To actively listen, to be engaged and to listen with integrity is the most powerful thing. There’s a difference between listening to someone and making all the reassuring noises, and actually listening and adapting your thought process to the person that’s called in. As humans, we tend to want to problem fix – presented with a problem, we tend to want to find a solution. As a Samaritan, we don’t do that. In some respects, it’s harder to let the listener understand that you’re fully engaged in what they’re saying and not advise them.
Knowing that you’re having an impact on a stranger’s life, because they’ve been able to offload onto me, knowing that I could have been, perhaps, between them making a choice to save their life and the choice to end their life. That’s a precious gift.
That’s been my biggest lesson – learning how to actively listen and adapt my tone and measure words according to who I’m speaking to. One thing is crystal clear - every time I come off a shift, whatever is going on in my life, I’m always grateful for the person I’m speaking to. It gives me great perspective on life. Before I became a Samaritan I wouldn’t have ever thought about asking someone if they wanted to take their own life, but now I do and have the confidence to ask those tricky questions.
I initially kept it quiet that I was a Samaritan. I shared on my social media that I was a volunteer and began signposting community members and friends to the service. Throughout the outreach that I do to my community members, I realised that a lot of people in Asian communities don’t feel talking about mental health is a positive thing. There is a lot of fearfulness - people don’t like to talk in my community. There are set rules around gender for example, and generational expectations which often causes friction. There is still a stigma around mental health.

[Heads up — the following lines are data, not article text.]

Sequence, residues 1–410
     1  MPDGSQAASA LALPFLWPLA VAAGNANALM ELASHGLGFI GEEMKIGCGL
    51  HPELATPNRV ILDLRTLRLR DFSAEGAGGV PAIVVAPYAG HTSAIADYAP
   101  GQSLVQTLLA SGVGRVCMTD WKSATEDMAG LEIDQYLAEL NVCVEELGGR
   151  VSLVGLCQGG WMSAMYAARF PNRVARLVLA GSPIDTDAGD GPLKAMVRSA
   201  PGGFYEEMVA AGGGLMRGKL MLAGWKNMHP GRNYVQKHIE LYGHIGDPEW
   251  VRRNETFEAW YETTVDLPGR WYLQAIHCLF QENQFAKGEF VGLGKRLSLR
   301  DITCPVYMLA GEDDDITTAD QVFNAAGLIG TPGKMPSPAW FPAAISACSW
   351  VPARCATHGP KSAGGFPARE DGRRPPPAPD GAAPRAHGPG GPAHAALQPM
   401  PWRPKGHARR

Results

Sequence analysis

Before I came to Samaritans, I had a certain image of the volunteers and organisation – I thought it was typically white, middle class, retired people. But it’s key to highlight that we have a diverse range of volunteers and are approachable to all minorities. There’s definitely more to be done to expand on that. I’m going to be coming onto the Trustee board of our branch in June; expanding the diversity of working committees and in director positions is also key.
How Samaritans adapted so well to the virus highlighted the vital nature of the work we do. It made me feel extremely proud to be part of the organisation. Every other industry dropped tools as they had to. But branches kept open and we had the impetus moving forward to keep being there to support people.
Outside of volunteering I have a full time job in the legal field. I write a lot and I’m a theatre critic. I’m proactive in my health and mental health – I do lots of marathons and walking, which has a knock-on effect of being good for my body and my mind!
I’ve done Samarathon two years running and I’m doing it again this year. By doing that – I’ve been able to connect with other volunteers. Within our branch, there’s a lot of support. There’s an extremely cohesive feel to our branch and between volunteers.
I’d really like to go and do some outreach at a train station when we can – given it’s part of my own story too, I think it’s a key place to be to raise awareness.
We have a diverse range of volunteers and are approachable to all minorities."